The 10 Most Unforgettable Sports Moments of 2015

Golden State Warriors guard Stephen Curry drives to the basket against the Memphis Grizzlies on November 11. The Warriors broke records for going the longest without a loss to open a season this year. Nelson Chenault/USA TODAY Sports/Reuters

No playwright could adequately script them. No sports columnist, no matter how facile his or her use of verbiage, could properly describe them. The most incredible sports moments of 2015 left our mouths agape and pushed Twitter chatter into overdrive. What follows are not necessarily the 10 most important sports moments of the year but rather the 10 moments that left us slack-jawed, that nourished our childlike wonder with the games people play and that will not—and should not—be soon forgotten.

10. Eric Hosmer Dashes Home
November 1, Queens, New York

Kansas City trailed 2-0 when it came to bat in the top of the ninth inning of Game 5 of the World Series at Citi Field. Mets ace Matt Harvey had been masterful through eight, striking out nine while allowing no runs. When Mets manager Terry Collins informed Harvey, alias "the Dark Knight," between innings that he was being pulled for closer Jeurys Familia, he replied, "No way."

Collins, perhaps swayed by 45,000 fans chanting "Harvey!" allowed the Dark Knight to start the ninth. Then Harvey allowed a leadoff walk to Lorenzo Cain and a double to Eric Hosmer. One out later, Hosmer stood on third base when Salvador Pérez hit a grounder to Mets third baseman David Wright. As Wright threw to first, Hosmer raced home. Mets first baseman Lucas Duda's relay throw was wild: Instead of Hosmer becoming the final out at home plate, he tied the score.

Three innings later, the Royals clinched the game, as well as their first World Series title in 30 years, with a 7-2 win. The Dark Knight would not be the only man named Harvey to flame out on TV on a Sunday night before a global audience this autumn (see: Steve Harvey, Miss Universe), just the first.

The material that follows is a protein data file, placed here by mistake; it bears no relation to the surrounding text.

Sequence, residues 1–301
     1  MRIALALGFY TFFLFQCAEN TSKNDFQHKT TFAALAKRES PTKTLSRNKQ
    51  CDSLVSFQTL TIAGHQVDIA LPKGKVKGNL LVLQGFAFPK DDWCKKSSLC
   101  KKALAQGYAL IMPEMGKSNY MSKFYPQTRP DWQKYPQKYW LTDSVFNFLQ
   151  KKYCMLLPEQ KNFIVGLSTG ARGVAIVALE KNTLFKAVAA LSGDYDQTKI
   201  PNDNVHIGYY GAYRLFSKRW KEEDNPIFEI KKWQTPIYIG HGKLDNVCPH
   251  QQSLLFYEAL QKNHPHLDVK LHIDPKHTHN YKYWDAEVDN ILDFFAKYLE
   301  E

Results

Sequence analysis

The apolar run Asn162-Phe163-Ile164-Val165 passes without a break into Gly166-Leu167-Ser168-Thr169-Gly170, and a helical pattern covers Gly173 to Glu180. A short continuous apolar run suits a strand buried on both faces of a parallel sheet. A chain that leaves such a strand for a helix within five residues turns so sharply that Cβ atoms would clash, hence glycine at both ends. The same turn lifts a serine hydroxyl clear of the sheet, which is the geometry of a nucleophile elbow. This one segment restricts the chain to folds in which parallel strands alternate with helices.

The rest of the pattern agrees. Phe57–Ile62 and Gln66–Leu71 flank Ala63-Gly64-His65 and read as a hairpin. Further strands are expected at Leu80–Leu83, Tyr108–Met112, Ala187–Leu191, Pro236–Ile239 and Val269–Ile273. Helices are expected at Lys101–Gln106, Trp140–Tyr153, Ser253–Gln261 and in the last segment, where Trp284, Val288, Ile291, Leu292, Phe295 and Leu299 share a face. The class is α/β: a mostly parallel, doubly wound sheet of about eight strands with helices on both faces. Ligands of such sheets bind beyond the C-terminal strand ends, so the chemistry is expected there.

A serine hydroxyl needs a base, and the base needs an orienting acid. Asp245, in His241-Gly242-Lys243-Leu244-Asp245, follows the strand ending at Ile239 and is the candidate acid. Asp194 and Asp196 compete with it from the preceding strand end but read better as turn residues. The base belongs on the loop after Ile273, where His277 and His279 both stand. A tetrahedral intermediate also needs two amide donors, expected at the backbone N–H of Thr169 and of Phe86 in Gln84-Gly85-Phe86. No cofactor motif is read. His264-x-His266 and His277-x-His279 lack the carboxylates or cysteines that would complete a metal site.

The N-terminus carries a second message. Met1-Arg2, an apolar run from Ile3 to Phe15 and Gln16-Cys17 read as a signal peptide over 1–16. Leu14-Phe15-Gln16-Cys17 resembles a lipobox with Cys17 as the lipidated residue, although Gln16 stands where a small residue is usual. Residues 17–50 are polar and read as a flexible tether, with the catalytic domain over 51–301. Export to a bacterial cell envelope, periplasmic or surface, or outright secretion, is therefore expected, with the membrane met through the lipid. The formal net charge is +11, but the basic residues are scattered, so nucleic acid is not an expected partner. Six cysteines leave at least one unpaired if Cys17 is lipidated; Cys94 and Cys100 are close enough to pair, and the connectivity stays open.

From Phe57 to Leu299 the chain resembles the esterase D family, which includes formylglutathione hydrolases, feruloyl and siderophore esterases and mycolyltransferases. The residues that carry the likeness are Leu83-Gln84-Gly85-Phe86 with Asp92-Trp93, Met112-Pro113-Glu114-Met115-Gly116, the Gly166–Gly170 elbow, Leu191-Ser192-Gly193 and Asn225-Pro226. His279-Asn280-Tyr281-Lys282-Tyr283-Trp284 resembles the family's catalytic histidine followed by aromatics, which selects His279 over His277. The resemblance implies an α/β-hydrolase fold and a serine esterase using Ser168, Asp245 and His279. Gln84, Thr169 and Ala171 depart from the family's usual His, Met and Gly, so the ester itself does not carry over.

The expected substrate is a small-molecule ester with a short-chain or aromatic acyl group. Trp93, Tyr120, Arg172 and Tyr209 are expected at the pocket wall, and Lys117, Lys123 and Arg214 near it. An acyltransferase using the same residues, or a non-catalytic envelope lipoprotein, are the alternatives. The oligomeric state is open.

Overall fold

9. Golden State's 24-0 Start

How's that for an encore? The Warriors followed up their first NBA championship in 40 years by opening the season with an NBA record of 24 consecutive wins. The most memorable victory during the streak? A 124-117 victory at the Los Angeles Clippers, during which the Dubs trailed by 23 in the second quarter.

Oh, and the Warriors did it all without head coach Steve Kerr, who is recovering from back surgery. Interim head coach Luke Walton, a former NBA player who had never before been a head coach, has been the suit in charge (though the wins will be credited to Kerr's career record).

8. Ronda Rousey Goes Down, Under
November 15, Melbourne, Australia

Ronda Rousey entered the octagon in Melbourne with a 12-0 career record and a reputation as something of an armbar-bie doll. Nine of her 12 bouts had been decided by "armbar submission," while her three most recent UFC fights had consumed a grand total of 64 seconds.

The 28-year-old Californian was viewed as the surest bet since a sunrise when she touched gloves with Holly Holm, a 34-year-old from New Mexico, in mid-November. And then, faster than you can say "Buster Douglas," this mixed martial arts battle between alliterative assassins was over. Holm knocked out Rousey in the second round with a kick to the head.

7. Deflategate: To Air Is Human

One day, the Patriots were romping the Colts in the AFC Championship Game, and then for the two weeks leading up to the Super Bowl the Pats became America's most-watched crime drama: PSI: New England. Coach Bill Belichick and American icon Tom Brady were under pressure over whether a few footballs were under-pressurized, leading to an opening sketch on Saturday Night Live, the 243-page Wells Report and arguably the most famous courtroom sketch in the history of American jurisprudence. Ultimately, it was all a lot of hot air about a little hot air.

6. Veni, Vidi, Roberta Vinci
September 11, Queens, New York

No athlete, on two or four legs, was more dominant in 2015 than Serena Williams. The younger Williams sister entered the semifinals of the U.S. Open with a 53-2 record on the year and was just two wins from completing the first calendar Grand Slam in women's tennis since Steffi Graf had done it in 1988.

On a slightly overcast Friday afternoon in Flushing Meadows, Williams took the court to face unseeded Roberta Vinci of Italy. Down 0-2 in the third set, the 32-year-old from Palermo rallied to win 2-6, 6-4, 6-4 in what was the most shocking upset in sports this year. "For the American people, for Serena, for the Grand Slam, today's my day," an infectiously exuberant Vinci told the crowd inside Arthur Ashe Stadium immediately afterward. "Sorry, guys."

5. American Pharoah Ends Triple Crown Drought
June 6, Belmont Park, Elmont, New York